Contemporary experimental studies analyzing the expression and function of homologous genes in various animal model systems are reviving a fundamental question raised more than 150 years ago in the famous academic debate between Cuvier and Geoffroy Saint-Hilaire: does a common Bauplan underlie animal development, indicating homology of structures such as the ventrally located insect and the dorsally located chordate nervous system? Comparisons of the expression, function, and regulation of genes and genetic networks involved in anteroposterior and dorsoventral patterning of the insect and vertebrate nervous systems suggest that orthologous genes were already involved in neural specification in the insect and vertebrate stem species. Thus, the pervasive equivalence of the Dpp/BMP-4 and sog/Chd antagonism in executing the distinction between neural and non-neural, the vnd/Nkx, ind/Gsh, and msh/Msx gene network involved in early dorsoventral columnar patterning, the role of the otd/Otx genes in anterior CNS regionalization, and the action of Hox genes in the specification of segmental neuronal identity are all conserved in both insect and mammalian CNS development. This strongly suggests that these molecular genetic mechanisms were already apparent in an urbilaterian ancestor and that the insect and vertebrate nervous systems evolved from a common ancestral urbilater-ian brain.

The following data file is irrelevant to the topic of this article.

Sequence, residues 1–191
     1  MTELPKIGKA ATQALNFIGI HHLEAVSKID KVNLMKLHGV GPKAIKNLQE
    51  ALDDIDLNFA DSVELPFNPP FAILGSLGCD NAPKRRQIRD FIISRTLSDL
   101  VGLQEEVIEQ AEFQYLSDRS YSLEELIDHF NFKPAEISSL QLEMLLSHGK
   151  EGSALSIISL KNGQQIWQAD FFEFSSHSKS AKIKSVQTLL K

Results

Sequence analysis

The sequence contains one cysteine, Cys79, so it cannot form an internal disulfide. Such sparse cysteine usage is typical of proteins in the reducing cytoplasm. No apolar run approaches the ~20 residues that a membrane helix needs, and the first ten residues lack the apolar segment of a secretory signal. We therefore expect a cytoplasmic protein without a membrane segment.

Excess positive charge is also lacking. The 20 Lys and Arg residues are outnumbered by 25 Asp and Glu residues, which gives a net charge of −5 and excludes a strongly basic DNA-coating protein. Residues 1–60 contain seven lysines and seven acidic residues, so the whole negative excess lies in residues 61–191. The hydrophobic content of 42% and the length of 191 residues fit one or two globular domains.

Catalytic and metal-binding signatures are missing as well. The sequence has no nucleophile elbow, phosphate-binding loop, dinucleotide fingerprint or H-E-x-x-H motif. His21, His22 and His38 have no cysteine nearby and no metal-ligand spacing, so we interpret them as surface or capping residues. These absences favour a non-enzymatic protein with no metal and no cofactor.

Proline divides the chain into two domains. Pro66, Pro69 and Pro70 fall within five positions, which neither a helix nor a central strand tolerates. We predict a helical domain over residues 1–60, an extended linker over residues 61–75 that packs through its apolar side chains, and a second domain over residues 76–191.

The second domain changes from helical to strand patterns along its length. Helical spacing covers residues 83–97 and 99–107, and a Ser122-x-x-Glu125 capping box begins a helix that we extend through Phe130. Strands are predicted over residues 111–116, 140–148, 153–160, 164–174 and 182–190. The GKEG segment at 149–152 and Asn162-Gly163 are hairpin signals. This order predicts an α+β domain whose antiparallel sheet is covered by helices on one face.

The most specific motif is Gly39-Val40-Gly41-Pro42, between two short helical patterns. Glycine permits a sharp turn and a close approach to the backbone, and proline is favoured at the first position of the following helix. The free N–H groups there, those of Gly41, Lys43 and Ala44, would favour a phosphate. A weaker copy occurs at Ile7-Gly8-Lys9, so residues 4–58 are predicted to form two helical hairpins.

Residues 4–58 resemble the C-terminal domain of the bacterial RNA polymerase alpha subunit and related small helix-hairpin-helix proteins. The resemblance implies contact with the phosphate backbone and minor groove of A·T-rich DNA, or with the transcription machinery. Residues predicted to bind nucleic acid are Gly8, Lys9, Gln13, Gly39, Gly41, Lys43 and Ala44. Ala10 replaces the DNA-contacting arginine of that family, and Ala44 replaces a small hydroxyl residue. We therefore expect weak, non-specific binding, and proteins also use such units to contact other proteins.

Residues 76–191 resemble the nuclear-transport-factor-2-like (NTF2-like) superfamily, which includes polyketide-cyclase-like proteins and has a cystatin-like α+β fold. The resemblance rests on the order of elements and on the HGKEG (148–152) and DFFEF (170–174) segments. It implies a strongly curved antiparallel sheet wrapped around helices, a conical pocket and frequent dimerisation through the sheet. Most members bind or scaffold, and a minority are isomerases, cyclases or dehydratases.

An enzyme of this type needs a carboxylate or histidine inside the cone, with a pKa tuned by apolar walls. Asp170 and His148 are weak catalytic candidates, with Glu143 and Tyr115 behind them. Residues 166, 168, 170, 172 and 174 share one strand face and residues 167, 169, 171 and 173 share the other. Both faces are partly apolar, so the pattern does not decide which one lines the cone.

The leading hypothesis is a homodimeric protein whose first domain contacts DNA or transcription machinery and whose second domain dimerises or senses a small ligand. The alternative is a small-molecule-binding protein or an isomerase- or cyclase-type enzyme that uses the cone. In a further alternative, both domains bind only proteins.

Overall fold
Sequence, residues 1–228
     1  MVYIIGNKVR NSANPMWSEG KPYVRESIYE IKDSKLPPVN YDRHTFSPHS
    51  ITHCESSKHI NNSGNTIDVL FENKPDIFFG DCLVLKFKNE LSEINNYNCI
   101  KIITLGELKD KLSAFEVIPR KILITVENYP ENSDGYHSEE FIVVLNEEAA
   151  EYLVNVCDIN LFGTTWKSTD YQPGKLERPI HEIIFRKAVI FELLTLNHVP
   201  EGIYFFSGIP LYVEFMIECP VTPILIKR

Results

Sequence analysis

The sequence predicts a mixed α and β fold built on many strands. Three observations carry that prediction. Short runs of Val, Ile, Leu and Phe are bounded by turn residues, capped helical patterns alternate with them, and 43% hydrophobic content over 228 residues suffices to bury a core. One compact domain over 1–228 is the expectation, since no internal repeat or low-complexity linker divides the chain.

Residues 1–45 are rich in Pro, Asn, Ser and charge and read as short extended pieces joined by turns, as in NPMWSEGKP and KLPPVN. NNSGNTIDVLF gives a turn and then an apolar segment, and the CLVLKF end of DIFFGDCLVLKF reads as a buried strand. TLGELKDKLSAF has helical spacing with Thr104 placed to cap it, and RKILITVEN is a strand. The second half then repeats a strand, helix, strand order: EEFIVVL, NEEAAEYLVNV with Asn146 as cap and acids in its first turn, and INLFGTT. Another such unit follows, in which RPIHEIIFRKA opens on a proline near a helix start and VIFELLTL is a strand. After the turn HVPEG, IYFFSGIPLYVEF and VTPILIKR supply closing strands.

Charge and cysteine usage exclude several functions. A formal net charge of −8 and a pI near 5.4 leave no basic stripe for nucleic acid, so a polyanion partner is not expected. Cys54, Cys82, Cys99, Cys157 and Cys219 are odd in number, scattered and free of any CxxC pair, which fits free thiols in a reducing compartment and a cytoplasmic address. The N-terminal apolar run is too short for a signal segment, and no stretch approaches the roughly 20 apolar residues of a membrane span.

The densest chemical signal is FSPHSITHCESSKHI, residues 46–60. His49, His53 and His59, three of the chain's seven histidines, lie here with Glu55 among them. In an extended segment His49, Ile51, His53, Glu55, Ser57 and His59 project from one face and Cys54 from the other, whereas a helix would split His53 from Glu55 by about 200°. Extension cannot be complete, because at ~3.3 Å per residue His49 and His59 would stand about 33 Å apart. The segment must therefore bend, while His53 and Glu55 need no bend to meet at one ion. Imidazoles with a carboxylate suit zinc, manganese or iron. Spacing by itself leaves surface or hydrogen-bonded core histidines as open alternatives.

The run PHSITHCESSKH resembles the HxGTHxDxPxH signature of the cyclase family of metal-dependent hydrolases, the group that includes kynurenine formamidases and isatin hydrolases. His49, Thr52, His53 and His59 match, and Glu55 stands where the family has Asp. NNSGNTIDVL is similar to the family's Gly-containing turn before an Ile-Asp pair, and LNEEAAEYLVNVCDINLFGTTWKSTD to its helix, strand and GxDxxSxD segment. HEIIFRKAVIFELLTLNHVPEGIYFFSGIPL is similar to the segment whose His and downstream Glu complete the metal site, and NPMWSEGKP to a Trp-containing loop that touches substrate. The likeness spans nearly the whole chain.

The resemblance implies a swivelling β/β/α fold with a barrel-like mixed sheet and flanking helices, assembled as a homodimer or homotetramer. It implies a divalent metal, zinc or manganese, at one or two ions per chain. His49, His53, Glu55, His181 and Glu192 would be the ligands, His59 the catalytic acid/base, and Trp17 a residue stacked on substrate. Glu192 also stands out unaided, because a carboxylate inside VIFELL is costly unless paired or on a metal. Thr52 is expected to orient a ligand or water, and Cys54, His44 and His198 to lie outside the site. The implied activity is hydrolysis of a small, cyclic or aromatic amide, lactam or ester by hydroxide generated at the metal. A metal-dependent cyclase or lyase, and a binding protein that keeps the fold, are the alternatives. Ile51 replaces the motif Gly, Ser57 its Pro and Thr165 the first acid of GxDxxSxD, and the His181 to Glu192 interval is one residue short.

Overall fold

However, it is also conceivable that complex gene expression characteristics pre-dated the generation of morphological complexity in the course of nervous system evolution. The analysis of developmental control gene expression in a hemichordate demonstrates that complex gene expression patterns, comparable to those observed in the CNS of insects and vertebrates, are compatible with the existence of a diffuse basiepithelial nerve net. Nevertheless, the hemichordate body plan is clearly derived and its basiepithelial nerve net may be the result of a secondary reduction or loss of an ancestral CNS. Some of the developmental control genes that operate in CNS development in arthropods and chordates are also expressed during cnidarian development. Although a diffuse, net-like nervous system is apparent in Cnidaria, the ambiguous data on orthologous gene expression in these animals impede any conclusive comparisons between cnidarian and bilateral nervous systems. The available data therefore suggest that only one ancestral, albeit rather complex, nervous system type was at the origin of bilaterian CNS evolution.
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